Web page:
How Airships Are Set To Revolutionize Science MIT Technology Review The goal, they say, should be to build a maneuverable, stationed-keeping airship that can stay aloft at an altitude of more than 20 km from least 20 hours while carrying a science...
With all the hubbub surrounding 3D printing as of late, it’s easy to think of it as something new. Something that, before 5 or 6 years ago, only existed in Sci-Fi novels. Surprise! 3D printing has actually been around for decades.
Crowdfunding research into memory and technology Boing Boing Jason & Farah, cognitive science postdocs at Washington University, write, "We humans have always used our surroundings to extend our memory.
Los Gatos: New technology produces 3D mammography San Jose Mercury News The 3D mammography technology being used at Los Gatos' Breast Imaging Specialists is changing the way women get mammograms and giving doctors a clearer picture, enabling them...
Social media encompasses a wide variety of web-based software applications that allow users to collaborate and generate content. Content is defined as the intellectual substance of a document, and it includes structured data as well as unstructured data[i]. Examples of the applications’ capabilities include texting messages, authoring blogs and wikis, posting comments on other blogs, and providing status updates and brief commentary via microblogs.The use of social media in healthcare is now ubiquitous. Common examples of social media use in healthcare include e-patients and online communities, provider organizations that have integrated social media into their marketing efforts, clinician-to-clinician information exchange, and provider-patient communications on mobile devices replacing messages broadcast from tethered computers. Such use cases are transforming healthcare.Consequently, the need to understand its effect – from the integrity of patient record information to privacy and security compliance – is imperative. If properly used and governed, social media presents opportunities for healthcare professionals and organizations to be innovative, such as adding social media functionality to existing business processes. However, failing to safeguard its use can hurt the clinicians, patients and healthcare employees who are actively using the applications on their own devices.For example, one area that sparks concern and where very little has been published involves social media’s effect on patient record generation as well as the integrity of the patient record content. Patient records are generated when patient content is created or received in the transaction of business and maintained as evidence in pursuance of legal obligations. Legally, every Tweet, blog post, blog comment, text message, and wall entry uploaded and received by healthcare professionals and organizations is a piece of content that should be reviewed and managed to ensure control, decorum, and, perhaps, regulatory and records compliance.The computer form factor can be mobile or tethered. A published social status update or a Tweet entered using either computer form factor might not rise to the level of a record, but a protracted discussion on a particular health topic over a given period on someone’s wall or via Twitter might qualify.When reviewing whether, for example, Facebook-like content is a record, healthcare authors with healthcare records managers must examine the following questions:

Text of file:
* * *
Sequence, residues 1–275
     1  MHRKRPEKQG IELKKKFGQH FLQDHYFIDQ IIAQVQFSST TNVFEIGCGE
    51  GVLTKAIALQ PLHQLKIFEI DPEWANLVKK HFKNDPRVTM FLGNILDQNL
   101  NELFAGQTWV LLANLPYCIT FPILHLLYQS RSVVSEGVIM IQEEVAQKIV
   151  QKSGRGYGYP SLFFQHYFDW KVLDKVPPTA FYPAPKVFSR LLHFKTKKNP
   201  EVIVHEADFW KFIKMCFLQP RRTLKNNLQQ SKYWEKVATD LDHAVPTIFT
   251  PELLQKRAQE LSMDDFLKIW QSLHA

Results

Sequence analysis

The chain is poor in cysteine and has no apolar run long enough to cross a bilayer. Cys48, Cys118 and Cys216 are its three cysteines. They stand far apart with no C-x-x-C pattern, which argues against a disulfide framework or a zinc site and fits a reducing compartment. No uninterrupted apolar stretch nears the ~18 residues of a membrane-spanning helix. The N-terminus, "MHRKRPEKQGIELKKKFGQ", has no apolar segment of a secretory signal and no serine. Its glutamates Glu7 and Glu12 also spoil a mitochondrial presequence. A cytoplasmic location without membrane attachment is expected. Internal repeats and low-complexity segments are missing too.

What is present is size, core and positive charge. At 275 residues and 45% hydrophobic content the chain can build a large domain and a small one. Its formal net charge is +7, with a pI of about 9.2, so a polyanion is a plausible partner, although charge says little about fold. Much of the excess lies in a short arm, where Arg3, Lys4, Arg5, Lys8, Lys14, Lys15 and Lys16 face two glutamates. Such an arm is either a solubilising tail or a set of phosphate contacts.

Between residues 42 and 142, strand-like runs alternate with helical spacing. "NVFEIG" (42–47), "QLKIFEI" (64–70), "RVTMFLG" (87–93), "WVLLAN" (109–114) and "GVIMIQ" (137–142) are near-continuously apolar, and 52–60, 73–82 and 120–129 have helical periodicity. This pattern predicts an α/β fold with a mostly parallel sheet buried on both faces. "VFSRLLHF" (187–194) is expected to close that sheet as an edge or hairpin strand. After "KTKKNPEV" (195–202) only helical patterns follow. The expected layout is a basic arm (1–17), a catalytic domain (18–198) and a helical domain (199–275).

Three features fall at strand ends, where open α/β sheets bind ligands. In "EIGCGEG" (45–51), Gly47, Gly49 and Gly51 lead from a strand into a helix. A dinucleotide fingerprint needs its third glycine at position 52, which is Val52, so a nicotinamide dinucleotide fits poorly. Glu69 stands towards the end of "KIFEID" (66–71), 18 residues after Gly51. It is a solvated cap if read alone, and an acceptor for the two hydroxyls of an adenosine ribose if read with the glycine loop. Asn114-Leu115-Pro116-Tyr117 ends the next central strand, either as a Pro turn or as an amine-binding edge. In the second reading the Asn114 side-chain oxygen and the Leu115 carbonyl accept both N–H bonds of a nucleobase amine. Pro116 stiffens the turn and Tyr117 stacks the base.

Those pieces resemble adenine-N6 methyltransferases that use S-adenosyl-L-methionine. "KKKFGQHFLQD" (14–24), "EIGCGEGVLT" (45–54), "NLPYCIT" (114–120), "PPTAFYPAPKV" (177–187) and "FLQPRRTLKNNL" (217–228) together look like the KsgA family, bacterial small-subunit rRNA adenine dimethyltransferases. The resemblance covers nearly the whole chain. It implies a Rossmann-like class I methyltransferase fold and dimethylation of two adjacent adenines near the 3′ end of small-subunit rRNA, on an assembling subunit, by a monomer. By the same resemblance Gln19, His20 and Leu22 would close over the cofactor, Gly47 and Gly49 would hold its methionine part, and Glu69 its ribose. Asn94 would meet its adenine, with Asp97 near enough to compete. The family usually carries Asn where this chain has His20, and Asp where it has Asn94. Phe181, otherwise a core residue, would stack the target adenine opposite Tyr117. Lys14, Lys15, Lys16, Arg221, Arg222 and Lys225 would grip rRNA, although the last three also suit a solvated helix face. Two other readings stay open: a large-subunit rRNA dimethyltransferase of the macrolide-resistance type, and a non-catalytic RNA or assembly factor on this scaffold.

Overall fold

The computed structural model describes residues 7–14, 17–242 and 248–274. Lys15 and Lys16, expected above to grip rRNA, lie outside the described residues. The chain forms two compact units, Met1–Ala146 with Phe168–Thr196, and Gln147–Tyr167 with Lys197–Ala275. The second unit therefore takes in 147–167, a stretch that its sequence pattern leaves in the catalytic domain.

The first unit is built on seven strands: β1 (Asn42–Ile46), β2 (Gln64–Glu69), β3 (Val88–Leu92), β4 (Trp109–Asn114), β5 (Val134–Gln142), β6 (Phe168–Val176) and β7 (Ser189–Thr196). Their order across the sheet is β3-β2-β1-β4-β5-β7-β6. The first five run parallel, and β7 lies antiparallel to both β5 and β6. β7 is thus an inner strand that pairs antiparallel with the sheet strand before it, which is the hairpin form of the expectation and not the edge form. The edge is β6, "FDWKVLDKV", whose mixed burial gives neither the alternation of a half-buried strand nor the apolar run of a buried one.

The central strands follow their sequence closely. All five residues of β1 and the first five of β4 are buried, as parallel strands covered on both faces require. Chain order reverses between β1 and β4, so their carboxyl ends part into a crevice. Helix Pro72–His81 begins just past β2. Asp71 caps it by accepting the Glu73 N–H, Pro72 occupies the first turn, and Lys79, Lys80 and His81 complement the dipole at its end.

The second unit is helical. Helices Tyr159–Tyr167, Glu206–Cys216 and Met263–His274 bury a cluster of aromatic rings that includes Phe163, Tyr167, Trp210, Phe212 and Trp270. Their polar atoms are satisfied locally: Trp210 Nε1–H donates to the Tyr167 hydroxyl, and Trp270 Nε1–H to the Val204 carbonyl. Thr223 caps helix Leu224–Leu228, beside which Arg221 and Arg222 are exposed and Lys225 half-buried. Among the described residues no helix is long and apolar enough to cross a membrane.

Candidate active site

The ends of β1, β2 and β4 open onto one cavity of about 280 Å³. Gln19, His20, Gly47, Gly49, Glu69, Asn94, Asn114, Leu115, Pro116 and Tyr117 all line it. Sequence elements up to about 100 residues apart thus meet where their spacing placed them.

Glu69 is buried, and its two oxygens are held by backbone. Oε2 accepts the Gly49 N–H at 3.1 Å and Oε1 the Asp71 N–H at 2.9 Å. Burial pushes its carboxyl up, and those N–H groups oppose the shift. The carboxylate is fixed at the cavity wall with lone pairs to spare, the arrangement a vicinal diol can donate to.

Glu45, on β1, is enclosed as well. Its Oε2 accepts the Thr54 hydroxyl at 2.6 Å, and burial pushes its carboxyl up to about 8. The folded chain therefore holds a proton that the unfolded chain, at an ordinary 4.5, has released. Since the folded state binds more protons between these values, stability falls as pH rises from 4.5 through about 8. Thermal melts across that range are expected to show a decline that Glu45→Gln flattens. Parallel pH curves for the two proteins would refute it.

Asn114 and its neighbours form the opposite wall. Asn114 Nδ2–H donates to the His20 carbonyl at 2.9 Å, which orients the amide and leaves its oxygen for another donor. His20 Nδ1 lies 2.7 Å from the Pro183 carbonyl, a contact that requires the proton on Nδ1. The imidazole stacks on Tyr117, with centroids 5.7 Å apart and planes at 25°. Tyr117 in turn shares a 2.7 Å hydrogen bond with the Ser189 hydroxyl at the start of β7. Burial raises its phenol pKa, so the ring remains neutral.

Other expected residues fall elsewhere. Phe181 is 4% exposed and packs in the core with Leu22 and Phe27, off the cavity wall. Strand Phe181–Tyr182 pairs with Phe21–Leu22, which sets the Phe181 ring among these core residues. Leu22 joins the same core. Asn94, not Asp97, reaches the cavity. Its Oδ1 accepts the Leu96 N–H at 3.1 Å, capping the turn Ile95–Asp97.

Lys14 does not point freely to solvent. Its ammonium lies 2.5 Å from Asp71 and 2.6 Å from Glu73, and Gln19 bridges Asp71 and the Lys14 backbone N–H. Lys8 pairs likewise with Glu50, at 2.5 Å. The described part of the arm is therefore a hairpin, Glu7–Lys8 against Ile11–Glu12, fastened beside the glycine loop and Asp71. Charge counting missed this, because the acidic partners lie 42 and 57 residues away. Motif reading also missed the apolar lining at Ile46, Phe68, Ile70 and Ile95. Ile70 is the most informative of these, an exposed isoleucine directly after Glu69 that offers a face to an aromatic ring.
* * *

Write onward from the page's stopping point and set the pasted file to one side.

Does the content contain evidence of a healthcare organization’s policies, business and mission?
Does the social media application being used relate to a healthcare organization’s work?
Is there a business need for the content?
Does the content document a healthcare provider or organization transaction or decision?
Does the content contain protected health information (PHI) or other individually identifiable health information?
Could the content be subject to requests for disclosure, subpoena, and e-discovery?Should the Facebook-like content contain PHI and, therefore, become a record, healthcare records managers must determine if and how the content becomes part of the patient’s record, just like e-mail message content. In addition, social media records management must be incorporated into healthcare organizational enterprise information governance programs, similar to patient health records, e-mail messages, and financial records. This includes defining social media records, establishing record retention schedules, determining record destruction processes, determining “Legal Hold” processes, establishing training and auditing processes, and establishing policy update / revision processes.Even if the Facebook-like content does not contain PHI and does not become a record, healthcare records managers with their IT counterparts must manage the content. Adding new representatives to the information governance programs might be required for this. Such representatives might include “social media strategists” and “community managers” who are charged with maintaining the quality of and control over the social media content.Unfortunately, managing social media content is somewhat different from and more difficult than managing other forms of content. It is populist, uncontrolled and unregulated, and it does not have traditional metadata, except for, perhaps, Twitter handles.The good news is that most social applications use databases and templates. This means that enterprise solutions installed inside the healthcare organizations’ firewalls can be managed like other databases, allowing healthcare organization personnel to, for example, consolidate their mobile devices to streamline the device for both work and personal use as well as use their devices for internal texting and collaborating in groups without fear of breaching patient or organizational privacy and information security.
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